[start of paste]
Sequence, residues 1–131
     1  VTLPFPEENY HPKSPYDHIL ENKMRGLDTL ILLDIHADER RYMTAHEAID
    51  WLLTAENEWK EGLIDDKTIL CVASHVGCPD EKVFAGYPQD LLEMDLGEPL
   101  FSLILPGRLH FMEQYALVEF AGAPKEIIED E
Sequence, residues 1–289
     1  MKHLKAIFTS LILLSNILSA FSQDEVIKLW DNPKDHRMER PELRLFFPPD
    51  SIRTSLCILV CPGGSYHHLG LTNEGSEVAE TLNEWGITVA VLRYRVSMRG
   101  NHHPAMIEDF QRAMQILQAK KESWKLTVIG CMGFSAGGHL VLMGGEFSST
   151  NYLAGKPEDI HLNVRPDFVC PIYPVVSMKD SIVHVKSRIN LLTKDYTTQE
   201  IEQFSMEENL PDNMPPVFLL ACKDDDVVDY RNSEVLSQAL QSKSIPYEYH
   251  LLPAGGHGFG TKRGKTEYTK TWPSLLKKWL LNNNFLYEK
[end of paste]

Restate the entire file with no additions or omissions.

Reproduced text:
Sequence, residues 1–131
     1  VTLPFPEENY HPKSPYDHIL ENKMRGLDTL ILLDIHADER RYMTAHEAID
    51  WLLTAENEWK EGLIDDKTIL CVASHVGCPD EKVFAGYPQD LLEMDLGEPL
   101  FSLILPGRLH FMEQYALVEF AGAPKEIIED E
Sequence, residues 1–289
     1  MKHLKAIFTS LILLSNILSA FSQDEVIKLW DNPKDHRMER PELRLFFPPD
    51  SIRTSLCILV CPGGSYHHLG LTNEGSEVAE TLNEWGITVA VLRYRVSMRG
   101  NHHPAMIEDF QRAMQILQAK KESWKLTVIG CMGFSAGGHL VLMGGEFSST
   151  NYLAGKPEDI HLNVRPDFVC PIYPVVSMKD SIVHVKSRIN LLTKDYTTQE
   201  IEQFSMEENL PDNMPPVFLL ACKDDDVVDY RNSEVLSQAL QSKSIPYEYH
   251  LLPAGGHGFG TKRGKTEYTK TWPSLLKKWL LNNNFLYEK